The Emotion — Acceptance is the realization that things here are different, and you’re okay with that. This doesn’t mean you have to “like”everything. You just learn to appreciate WHY it’s different from what you are used to.
My Advice — Embrace the change and the people that surround you. With an open mind, you will soon realize that each new experience — good or bad — will change you for the better. You will develop a new appreciation for things back home and a clear understanding of how you’ve grown since you left.
Understanding your emotions is the first step in reducing culture shock. To help minimize the impact, here are a couple suggestions:
Read about the culture. See how people live, what they do, and what they eat. What are their holidays and unique traditions?
Talk to people. Learn phrases and words that are helpful. Use the local lingo to convey that you’re part of the community. Be friendly to people. Don’t be afraid to ask for advice or an explanation. You will be surprised at how willing people are to help.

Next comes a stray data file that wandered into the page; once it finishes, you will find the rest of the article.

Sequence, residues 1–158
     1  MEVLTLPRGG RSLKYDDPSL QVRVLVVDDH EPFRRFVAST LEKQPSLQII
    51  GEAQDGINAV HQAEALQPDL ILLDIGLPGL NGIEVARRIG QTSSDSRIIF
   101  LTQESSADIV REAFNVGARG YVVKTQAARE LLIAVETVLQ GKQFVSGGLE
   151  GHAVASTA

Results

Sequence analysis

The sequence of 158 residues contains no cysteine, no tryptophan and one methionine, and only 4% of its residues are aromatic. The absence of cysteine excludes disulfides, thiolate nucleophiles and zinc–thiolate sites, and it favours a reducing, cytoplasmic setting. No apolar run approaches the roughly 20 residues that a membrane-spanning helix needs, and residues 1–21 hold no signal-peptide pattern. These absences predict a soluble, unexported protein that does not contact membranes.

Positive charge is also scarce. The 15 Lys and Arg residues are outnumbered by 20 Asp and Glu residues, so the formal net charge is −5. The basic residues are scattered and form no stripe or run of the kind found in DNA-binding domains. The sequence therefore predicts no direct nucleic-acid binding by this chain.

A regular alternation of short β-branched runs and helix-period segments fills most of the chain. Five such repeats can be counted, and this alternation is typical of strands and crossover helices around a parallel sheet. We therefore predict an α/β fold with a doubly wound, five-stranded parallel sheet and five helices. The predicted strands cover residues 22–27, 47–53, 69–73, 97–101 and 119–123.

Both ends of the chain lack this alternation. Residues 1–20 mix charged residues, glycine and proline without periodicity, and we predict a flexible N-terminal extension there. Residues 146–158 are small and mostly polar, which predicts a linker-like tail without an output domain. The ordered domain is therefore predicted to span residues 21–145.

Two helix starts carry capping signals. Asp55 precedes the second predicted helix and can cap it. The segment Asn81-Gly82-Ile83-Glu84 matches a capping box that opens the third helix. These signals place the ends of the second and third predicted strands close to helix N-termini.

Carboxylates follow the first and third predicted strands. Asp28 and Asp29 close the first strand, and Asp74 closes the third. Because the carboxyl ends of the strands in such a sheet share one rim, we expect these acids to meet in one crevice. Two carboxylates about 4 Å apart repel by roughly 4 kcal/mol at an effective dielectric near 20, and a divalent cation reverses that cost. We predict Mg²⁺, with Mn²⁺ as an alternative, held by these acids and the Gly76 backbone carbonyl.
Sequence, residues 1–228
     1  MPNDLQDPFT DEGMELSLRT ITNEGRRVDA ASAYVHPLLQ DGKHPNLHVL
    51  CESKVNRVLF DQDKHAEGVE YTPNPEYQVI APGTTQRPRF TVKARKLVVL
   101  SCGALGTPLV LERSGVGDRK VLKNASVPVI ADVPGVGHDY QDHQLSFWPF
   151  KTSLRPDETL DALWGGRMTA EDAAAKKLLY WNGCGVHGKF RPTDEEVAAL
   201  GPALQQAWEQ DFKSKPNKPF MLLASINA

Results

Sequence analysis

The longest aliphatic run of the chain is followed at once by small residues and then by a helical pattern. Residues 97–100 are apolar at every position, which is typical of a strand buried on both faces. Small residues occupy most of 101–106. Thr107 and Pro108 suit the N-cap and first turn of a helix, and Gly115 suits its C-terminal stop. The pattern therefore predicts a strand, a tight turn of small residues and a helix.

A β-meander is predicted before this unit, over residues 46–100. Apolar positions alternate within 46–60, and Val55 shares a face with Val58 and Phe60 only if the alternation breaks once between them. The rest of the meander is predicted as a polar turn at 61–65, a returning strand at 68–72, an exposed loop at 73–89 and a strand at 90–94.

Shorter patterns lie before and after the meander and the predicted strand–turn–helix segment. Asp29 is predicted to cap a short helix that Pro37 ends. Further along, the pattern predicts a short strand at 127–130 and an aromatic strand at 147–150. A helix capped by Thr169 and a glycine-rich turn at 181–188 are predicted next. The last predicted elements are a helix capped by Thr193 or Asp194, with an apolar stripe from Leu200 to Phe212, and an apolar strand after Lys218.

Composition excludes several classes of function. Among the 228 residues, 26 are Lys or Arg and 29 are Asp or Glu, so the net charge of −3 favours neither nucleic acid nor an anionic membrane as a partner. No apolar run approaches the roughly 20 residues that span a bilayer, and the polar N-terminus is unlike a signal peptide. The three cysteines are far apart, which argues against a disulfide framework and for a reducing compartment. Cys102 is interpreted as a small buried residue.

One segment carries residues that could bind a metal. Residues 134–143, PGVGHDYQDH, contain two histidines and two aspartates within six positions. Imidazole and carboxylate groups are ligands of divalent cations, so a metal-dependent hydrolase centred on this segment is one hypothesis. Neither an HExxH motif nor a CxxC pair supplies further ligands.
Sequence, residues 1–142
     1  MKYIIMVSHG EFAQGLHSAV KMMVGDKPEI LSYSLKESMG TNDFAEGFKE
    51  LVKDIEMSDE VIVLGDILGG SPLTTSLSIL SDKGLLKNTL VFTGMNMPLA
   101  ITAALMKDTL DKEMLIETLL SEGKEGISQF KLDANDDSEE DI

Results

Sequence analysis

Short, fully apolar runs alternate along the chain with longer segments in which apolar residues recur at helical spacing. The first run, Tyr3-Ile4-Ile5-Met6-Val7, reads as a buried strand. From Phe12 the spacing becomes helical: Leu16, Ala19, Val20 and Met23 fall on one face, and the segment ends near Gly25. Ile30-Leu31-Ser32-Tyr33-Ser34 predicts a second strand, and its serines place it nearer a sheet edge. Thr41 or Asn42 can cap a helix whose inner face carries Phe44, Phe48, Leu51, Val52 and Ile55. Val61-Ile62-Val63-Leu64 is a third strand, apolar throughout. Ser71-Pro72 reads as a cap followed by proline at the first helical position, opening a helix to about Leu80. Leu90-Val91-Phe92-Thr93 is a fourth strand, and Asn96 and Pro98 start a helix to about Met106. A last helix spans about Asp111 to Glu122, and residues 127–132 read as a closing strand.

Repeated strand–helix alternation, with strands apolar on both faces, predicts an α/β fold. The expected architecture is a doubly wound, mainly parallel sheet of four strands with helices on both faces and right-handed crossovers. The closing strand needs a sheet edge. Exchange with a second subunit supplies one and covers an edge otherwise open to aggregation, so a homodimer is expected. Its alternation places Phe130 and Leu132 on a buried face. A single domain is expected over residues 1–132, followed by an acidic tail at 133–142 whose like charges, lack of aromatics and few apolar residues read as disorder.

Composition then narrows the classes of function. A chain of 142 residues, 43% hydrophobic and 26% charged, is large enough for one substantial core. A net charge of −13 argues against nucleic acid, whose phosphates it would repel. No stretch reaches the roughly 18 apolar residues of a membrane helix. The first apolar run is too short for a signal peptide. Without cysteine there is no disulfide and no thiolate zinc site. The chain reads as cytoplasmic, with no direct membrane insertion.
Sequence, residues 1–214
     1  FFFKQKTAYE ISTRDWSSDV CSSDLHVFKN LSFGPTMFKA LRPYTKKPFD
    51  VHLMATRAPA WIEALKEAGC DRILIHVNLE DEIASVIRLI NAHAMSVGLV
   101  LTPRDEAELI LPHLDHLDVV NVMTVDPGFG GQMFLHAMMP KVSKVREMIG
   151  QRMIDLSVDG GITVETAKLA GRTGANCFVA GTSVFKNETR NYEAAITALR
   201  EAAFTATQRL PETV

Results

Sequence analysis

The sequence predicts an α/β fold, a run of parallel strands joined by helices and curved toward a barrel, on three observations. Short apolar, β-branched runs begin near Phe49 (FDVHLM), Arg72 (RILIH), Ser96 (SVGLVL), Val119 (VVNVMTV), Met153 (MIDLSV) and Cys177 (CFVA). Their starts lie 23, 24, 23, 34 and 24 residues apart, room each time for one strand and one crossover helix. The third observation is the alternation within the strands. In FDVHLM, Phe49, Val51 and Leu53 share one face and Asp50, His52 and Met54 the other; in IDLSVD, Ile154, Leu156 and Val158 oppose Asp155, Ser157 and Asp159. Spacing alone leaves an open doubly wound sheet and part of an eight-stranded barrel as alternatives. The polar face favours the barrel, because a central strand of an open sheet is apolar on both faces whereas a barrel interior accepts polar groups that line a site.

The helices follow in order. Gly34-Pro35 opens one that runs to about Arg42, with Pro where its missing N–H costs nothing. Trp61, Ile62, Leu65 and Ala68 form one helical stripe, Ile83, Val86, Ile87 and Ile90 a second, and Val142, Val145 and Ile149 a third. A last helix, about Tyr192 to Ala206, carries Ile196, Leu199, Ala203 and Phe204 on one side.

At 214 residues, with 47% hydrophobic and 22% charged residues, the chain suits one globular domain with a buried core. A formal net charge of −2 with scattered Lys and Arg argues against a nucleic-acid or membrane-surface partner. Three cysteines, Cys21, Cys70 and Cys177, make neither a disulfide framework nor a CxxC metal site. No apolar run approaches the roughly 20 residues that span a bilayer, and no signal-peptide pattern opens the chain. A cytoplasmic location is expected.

Experience events around you and make a point to fully explore the area. Get out of the house and explore the city museum or try the local cuisine.
Try new things and be open-minded about your experiences. View things that you don’t necessarily like as different, not wrong.
Embrace the differences.
Culture shock is still part of my daily struggle, but I have learned to find great pleasure in my new American home. I am not ashamed to admit that Russia will forever be my comfort zone. But for now, the military is in control of our destiny. We are not sure where we will go next, or for how long. Until we can return home, I promise to live in the present where each new experience will be viewed as an opportunity to learn and grow.